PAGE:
Decorative Bust of a Silenus
Early 1st century A. D.
6 1/4 x 4 3/16 x 2 3/4 in. (15.9 x 10.6 x 7 cm)
R. T. Miller, Jr. Fund, Oberlin Friends of Art Fund, and Mrs. F. F. Prentiss Fund, 1988
This realistically modeled ornamental bust of a silenus originally adorned the headboard of a sumptuous Roman dining couch.
From the third century B.C. through the first century A.D., wealthy inhabitants of the Hellenistic Mediterranean world and their Roman successors reclined for banquets on elaborately decorated couches. 1 These couches usually had a curved headboard (or fulcrum) at one end, where the occupant could rest his or her left arm. 2 Figural attachments, usually cast in bronze but sometimes carved in bone or ivory, protected the ends of the fulcra. At the upper end, these attachments often took the form of an animal's head, most often a horse or mule, while the lower end featured a bust of a male or female figure. 3 The Oberlin bust of a silenus once fitted onto the lower end of a fulcrum.
Because the consumption of wine played a prominent, if not central, role in these banquets, animals and personages connected with Dionysus were appropriate attributes for the adornments of the couches. Silver coins struck as early as the fifth century B.C. in the wine-producing city of Mende in Macedonia represent Dionysus reclining, two-handled wine cup in hand, on the back of a mule as if he were using it as a couch. (Other figures equally fitting for the couches are maenads, the raving women who rush after Dionysus in mountain revels, and satyrs, his part-animal male attendants.) On late Hellenistic and early Imperial Roman couches, the wise old sileni, fully aware of the dangers posed by drunkenness, might be seen as convivial companions to the banqueters reclining on the couches. 4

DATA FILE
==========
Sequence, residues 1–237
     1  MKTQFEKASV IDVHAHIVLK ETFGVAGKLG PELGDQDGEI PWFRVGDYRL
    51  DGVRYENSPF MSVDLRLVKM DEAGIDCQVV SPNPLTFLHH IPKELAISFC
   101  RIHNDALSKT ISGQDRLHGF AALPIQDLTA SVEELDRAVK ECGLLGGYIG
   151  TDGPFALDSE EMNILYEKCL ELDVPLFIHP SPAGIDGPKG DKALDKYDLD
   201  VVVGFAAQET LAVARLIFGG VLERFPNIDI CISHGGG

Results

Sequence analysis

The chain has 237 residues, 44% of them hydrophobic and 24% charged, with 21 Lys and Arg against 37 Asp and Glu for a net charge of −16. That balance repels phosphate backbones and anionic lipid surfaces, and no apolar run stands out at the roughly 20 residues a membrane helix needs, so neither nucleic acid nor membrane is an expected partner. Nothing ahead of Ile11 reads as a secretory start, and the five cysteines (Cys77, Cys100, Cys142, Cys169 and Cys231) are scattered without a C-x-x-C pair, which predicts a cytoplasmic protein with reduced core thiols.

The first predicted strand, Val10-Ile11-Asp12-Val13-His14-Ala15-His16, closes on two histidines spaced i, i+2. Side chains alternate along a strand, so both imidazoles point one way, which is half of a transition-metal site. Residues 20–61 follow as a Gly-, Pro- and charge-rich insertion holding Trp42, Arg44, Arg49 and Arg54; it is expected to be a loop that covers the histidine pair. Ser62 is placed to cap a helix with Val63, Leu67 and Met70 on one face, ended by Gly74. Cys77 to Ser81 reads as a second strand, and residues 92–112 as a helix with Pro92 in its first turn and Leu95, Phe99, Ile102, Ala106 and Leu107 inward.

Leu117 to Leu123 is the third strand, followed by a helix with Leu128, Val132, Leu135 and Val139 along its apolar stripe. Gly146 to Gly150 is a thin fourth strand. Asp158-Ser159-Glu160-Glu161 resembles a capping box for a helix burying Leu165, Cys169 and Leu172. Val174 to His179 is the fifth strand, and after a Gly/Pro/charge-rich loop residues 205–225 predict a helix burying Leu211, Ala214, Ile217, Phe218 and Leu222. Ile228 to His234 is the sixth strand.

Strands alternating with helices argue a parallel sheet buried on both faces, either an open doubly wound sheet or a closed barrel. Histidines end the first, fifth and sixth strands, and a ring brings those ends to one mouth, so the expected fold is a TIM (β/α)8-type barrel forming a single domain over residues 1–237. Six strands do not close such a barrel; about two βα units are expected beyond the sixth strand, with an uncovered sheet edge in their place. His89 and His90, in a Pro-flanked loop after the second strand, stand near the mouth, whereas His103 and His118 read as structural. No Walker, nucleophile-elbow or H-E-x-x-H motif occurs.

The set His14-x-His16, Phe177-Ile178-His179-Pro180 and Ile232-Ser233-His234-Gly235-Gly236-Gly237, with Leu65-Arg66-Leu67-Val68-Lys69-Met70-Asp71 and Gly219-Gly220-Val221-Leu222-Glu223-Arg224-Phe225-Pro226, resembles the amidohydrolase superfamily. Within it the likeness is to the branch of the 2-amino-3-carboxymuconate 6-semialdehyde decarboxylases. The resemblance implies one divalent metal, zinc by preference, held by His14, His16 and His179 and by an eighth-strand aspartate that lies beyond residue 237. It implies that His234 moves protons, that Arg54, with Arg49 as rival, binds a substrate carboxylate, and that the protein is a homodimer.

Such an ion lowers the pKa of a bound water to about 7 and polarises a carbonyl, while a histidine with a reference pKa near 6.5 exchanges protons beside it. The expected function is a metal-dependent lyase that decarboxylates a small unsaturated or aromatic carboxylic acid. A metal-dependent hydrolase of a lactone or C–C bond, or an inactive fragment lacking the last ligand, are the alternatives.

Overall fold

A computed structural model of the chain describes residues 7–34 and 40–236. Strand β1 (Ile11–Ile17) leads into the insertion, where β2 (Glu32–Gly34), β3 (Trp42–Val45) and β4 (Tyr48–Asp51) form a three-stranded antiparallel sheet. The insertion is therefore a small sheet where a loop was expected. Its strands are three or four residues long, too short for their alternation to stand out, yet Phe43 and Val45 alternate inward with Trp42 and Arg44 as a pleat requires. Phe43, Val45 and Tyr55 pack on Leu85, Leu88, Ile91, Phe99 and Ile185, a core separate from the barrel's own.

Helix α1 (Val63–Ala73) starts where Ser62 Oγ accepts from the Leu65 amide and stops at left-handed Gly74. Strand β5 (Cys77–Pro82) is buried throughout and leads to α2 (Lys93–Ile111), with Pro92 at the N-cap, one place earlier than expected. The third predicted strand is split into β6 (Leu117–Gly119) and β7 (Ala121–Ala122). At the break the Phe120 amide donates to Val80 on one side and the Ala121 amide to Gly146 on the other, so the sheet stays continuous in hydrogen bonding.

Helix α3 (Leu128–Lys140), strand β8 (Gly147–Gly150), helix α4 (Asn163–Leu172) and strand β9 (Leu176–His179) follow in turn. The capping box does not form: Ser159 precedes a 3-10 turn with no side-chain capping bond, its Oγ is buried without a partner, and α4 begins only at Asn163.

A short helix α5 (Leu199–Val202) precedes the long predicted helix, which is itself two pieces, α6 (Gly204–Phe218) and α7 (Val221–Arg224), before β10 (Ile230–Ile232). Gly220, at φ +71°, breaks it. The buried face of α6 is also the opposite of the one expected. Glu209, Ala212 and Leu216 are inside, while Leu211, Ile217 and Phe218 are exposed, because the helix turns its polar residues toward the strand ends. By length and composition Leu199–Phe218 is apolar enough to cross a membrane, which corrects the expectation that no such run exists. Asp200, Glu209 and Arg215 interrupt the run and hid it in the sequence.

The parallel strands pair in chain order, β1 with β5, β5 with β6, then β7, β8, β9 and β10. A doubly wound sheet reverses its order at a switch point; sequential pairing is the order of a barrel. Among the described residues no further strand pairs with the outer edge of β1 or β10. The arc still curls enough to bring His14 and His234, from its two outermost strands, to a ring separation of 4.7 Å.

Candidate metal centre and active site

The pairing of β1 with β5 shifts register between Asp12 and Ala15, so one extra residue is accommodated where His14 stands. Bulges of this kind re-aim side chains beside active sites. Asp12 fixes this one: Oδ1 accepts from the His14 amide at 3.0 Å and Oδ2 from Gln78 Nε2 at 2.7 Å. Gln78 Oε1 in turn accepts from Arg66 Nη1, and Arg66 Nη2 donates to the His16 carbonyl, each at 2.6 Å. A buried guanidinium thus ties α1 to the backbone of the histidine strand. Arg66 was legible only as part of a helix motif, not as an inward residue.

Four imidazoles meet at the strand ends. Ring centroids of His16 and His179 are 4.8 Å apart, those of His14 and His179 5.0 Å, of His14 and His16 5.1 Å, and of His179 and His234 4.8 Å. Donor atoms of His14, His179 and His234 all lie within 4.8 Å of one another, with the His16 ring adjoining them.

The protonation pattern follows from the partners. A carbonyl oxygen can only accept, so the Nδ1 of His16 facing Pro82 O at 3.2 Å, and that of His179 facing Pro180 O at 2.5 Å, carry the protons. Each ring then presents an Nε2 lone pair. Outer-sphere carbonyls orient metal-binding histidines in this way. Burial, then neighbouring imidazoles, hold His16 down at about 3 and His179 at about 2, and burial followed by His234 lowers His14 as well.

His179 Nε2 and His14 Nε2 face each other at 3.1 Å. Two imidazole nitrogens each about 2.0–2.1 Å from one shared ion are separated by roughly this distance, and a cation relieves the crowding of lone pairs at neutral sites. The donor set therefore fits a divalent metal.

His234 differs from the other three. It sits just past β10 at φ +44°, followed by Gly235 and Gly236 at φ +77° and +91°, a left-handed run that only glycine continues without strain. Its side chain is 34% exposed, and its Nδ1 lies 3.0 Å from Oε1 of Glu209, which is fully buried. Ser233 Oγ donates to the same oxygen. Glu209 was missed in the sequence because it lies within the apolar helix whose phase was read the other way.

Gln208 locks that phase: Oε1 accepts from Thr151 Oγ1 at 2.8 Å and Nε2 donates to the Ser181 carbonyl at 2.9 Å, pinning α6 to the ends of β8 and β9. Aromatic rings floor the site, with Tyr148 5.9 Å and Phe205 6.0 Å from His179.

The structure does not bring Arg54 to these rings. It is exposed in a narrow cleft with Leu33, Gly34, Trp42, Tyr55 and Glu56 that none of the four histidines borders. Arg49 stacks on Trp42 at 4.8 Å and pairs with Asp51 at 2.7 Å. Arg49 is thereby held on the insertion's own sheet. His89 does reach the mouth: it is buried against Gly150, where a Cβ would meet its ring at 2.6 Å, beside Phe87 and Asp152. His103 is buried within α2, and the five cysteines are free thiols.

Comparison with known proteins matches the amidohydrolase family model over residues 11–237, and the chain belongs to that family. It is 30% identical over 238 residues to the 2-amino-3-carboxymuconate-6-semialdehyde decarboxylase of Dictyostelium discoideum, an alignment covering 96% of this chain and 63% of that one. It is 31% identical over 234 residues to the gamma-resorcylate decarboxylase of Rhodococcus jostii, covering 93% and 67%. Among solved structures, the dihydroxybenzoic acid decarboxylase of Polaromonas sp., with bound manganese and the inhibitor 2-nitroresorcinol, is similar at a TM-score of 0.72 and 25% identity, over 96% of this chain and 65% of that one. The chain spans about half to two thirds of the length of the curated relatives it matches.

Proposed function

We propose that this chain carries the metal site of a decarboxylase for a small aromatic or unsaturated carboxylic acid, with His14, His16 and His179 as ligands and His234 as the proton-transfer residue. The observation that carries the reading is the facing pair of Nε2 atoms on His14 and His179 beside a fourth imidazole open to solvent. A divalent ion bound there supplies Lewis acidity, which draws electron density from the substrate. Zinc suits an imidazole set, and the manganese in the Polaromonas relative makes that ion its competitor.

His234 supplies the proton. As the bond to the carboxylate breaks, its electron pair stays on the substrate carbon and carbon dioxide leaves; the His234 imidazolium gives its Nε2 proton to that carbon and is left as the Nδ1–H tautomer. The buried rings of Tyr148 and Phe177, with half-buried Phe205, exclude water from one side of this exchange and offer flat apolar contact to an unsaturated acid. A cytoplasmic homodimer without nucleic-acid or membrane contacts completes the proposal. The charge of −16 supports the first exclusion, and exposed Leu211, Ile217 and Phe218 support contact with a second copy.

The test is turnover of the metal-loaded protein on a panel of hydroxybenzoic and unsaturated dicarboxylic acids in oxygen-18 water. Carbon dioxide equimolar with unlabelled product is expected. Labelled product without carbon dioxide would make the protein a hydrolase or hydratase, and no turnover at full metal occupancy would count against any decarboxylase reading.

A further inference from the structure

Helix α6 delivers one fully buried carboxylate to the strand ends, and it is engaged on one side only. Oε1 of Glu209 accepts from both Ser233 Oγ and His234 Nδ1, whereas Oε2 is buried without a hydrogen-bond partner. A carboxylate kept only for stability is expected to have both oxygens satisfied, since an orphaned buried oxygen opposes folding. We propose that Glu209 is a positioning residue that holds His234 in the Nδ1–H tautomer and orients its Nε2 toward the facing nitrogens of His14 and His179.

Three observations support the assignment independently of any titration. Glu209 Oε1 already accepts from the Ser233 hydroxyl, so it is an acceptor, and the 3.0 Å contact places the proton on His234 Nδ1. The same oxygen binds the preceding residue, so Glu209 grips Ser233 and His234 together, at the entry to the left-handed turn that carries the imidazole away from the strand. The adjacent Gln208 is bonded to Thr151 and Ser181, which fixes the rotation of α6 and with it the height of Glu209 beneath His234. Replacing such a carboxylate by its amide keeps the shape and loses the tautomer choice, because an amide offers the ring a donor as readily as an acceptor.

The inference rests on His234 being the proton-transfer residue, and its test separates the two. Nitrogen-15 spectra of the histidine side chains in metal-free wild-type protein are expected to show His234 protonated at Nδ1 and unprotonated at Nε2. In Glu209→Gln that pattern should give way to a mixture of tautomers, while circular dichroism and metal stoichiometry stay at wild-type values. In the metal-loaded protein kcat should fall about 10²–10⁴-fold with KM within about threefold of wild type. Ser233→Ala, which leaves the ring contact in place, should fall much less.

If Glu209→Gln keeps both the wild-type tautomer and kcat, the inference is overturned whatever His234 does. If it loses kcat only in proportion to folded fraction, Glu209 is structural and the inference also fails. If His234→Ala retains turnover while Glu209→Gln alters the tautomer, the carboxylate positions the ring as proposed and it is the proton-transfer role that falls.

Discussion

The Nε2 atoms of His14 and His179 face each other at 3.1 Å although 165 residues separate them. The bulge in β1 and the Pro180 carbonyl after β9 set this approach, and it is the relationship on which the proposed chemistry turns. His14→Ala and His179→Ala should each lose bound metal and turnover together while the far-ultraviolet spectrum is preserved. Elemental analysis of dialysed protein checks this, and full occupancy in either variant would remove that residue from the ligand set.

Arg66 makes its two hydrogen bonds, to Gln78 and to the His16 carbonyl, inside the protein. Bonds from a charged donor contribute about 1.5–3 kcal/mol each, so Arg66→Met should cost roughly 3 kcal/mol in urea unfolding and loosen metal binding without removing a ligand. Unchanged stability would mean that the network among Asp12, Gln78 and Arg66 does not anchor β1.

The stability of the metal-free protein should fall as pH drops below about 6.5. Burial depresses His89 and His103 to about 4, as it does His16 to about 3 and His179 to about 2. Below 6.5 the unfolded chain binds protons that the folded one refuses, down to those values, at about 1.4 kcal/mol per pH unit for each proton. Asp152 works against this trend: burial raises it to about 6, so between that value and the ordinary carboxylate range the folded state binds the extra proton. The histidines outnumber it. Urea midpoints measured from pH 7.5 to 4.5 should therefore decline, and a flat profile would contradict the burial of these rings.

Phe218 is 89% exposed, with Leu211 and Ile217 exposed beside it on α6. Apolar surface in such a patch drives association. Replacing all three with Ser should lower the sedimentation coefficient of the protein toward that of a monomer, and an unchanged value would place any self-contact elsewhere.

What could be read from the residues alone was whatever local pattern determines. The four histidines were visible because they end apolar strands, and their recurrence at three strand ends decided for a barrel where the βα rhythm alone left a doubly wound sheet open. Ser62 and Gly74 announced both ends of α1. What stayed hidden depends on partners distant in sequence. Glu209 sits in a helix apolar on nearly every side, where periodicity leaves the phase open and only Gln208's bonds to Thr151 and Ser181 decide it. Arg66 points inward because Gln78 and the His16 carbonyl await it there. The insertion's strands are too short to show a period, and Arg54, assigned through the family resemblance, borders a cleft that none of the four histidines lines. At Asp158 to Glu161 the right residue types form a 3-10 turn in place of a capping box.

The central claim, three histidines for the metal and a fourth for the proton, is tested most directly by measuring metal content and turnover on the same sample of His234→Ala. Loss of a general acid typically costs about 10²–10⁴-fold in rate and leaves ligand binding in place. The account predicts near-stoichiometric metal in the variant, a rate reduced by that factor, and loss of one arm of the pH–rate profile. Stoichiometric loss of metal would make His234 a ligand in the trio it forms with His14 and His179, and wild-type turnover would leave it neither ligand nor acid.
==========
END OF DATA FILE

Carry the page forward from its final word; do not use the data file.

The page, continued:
The Oberlin silenus bust is modeled almost completely in the round, with only the back of the torso flattened for attachment to the fulcrum. His dome-shaped, bald head and massive neck rise from a substantial, but not obese, torso. The age of the silenus is graphically indicated by his full, sagging right breast with prominent pointed nipple and incised chest hair. A fawn or goat skin is tied over his left shoulder in a "Herakles Knot," with leg and hoof hanging below.